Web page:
Every cavalryman must envy the hero of this book. Between 1936 and 1941 he led no less than five charges on horseback in Abyssinia, the final and most famous being the last cavalry charge that the British army has faced. And he survived to tell his tale. Indeed Tenente Amedeo Guillet is still living, aged 93, in Co. Meath, to which, very suitably, he retired for the hunting after a highly adventurous life, and where he still rides out.
The last charge of the British cavalry was, as far as I know, in 1920, on 13 July, by the 20th Hussars – a thousand yards’ successful dash against the flank of Kemal Ataturk’s advancing troops in the Ismid Peninsula during the Chanak crisis. Though there were still mounted yeomanry regiments in Palestine and Syria some 20 years later in 1941 – as readers of John Verney’s classic Going to the Wars will remember – they may have patrolled, but they were certainly never mad enough to charge their Vichy French enemies.
We all know about the wildly brave Polish lancers charging Panzer divisions in 1939. Amedeo, almost two years later, was equally reckless. His irregular force, the Gruppo Bande Amhara a Cavallo, was ordered to hold up the advancing British in the Eritrean lowlands for a day: 800 wild Ethiopian/Arab horsemen, 400 Yemeni mercenaries on foot, and 200 Camel Corps, a magical command for the six young Italian officers in charge under their Commandante Amedeo. In his three previous cavalry charges against Ethiopians, Amedeo had led a charmed life, with only bullet fragments in his left hand after two horses had been shot under him in 1936, but he had never had to face anything worse than shifta machine-gunners in 1938, though that was bad enough.
However, in January 1941 he virtually did a Lord Cardigan. His cavalry launched frontal charges, twice, against armoured cars, pretty steady Sikh regulars, and a battery of 25-pounders. It was only the surprise and astonishment of the men of Brigadier Frank Messervy’s Gazelle force that saved the Gruppo Bande from annihilation. And when his second-in-command, Renato Togni, charged three of our own ‘Panzers’, the heavy Matilda tanks, with 30 men and the little Italian pepperpot hand- grenades that simply bounced off the armour, only two of the horsemen survived, not including Togni. Still everyone acknowledged the courage of the Italians, and for a vital day the helter-skelter British advance on Asmara was halted and thrown into confusion.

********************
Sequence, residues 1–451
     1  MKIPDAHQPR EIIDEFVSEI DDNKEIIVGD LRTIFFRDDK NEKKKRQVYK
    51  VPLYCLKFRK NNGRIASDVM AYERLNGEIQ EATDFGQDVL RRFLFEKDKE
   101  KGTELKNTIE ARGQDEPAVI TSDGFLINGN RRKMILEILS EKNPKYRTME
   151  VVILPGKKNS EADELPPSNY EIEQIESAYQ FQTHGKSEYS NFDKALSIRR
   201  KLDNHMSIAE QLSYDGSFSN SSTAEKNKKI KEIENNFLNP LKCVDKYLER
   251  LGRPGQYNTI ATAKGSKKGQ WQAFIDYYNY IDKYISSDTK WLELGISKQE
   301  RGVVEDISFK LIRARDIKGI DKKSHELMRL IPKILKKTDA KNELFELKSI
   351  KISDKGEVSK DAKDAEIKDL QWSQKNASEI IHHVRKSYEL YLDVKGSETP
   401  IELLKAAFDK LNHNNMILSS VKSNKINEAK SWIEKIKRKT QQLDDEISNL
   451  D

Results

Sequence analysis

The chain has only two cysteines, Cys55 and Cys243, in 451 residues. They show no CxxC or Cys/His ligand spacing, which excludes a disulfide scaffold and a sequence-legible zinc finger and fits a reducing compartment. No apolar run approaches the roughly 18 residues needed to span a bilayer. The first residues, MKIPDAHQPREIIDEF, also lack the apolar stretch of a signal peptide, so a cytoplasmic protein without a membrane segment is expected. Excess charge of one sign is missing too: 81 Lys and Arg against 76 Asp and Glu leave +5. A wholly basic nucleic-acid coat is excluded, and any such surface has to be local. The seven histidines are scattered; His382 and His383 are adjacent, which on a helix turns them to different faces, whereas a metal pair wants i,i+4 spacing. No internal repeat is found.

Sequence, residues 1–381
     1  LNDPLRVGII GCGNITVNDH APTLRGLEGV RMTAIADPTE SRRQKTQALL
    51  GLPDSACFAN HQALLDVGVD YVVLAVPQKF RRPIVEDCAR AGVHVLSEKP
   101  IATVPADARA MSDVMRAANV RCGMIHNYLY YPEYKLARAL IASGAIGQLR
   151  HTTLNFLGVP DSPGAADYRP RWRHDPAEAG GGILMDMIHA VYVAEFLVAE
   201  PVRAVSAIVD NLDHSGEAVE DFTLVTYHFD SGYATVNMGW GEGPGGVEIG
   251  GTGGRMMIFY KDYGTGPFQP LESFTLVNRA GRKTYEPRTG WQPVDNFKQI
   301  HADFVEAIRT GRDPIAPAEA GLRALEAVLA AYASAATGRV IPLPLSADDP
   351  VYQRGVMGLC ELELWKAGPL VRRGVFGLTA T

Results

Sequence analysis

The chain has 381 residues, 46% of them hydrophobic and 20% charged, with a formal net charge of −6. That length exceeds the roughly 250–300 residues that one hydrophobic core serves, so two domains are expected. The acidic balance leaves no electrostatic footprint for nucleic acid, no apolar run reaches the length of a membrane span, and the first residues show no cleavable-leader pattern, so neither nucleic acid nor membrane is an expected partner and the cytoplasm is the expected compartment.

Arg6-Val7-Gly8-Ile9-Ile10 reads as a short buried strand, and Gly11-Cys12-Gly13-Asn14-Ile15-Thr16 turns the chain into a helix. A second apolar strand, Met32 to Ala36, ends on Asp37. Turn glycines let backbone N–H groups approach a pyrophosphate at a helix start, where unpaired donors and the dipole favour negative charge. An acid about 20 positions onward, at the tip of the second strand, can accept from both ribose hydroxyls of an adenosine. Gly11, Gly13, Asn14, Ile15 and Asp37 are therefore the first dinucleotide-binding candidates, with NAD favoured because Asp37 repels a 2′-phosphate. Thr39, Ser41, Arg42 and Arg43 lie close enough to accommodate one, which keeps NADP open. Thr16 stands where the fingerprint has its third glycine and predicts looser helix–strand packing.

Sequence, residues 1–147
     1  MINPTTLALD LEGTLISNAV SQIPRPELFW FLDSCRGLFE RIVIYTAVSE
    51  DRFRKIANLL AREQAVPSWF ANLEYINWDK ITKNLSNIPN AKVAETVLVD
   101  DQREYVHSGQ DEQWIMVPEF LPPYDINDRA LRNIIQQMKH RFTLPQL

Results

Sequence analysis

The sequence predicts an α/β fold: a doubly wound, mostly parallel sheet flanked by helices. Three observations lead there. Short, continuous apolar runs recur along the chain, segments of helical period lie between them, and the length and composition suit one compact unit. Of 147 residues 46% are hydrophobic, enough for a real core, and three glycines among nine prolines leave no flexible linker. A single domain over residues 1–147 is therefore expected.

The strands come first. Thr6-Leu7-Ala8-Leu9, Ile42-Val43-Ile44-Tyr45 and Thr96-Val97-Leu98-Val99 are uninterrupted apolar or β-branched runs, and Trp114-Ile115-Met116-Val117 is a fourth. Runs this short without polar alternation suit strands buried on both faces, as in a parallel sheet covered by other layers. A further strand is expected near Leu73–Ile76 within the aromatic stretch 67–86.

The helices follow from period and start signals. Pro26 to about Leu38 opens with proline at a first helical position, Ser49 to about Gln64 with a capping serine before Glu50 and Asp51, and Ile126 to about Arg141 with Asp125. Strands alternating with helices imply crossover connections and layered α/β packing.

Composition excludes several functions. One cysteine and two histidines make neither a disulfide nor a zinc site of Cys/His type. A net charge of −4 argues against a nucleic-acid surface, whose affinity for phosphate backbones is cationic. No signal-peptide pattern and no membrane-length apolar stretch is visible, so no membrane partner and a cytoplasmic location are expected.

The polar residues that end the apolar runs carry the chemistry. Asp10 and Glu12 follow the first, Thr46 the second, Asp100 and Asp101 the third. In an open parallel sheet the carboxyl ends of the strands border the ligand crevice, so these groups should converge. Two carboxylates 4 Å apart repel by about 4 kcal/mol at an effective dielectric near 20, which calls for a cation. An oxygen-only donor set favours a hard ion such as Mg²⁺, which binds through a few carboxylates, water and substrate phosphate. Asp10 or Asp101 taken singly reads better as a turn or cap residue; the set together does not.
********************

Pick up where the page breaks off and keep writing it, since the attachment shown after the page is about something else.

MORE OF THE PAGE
This book is subtitled ‘A True Story of Love and War in Abyssina’. Unfortunately it is both a little more and a little less than that. Sebastian O’Kelly begins with a charming and witty introduction but then gets bogged down in following his hero’s lifetime adventures in somewhat novelettish sequences through Italy, Libya, Spain, the Yemen and – in the epilogue – half a dozen other countries. The ‘War’, is good, but the cavalry charges are over by page 161, exactly halfway through the text; and the ‘Love’ is, alas, unromantic and uninspiring – an Eritrean chieftain’s daughter as compa–era and an Italian fiancZe of good family successfully married back in Naples in 1944. Amedeo’s white stallion Sandor has much more character than either of these ladies.
There is difficulty too in maintaining a consistent tone between the background wodges of military history and the personal memories and emotions of Amedeo who, one feels on occasions, has certainly kissed the Blarney Stone. But the illustrations alone are worth the price; and, above all, the old slur of Italian military cowardice is triumphantly dispelled.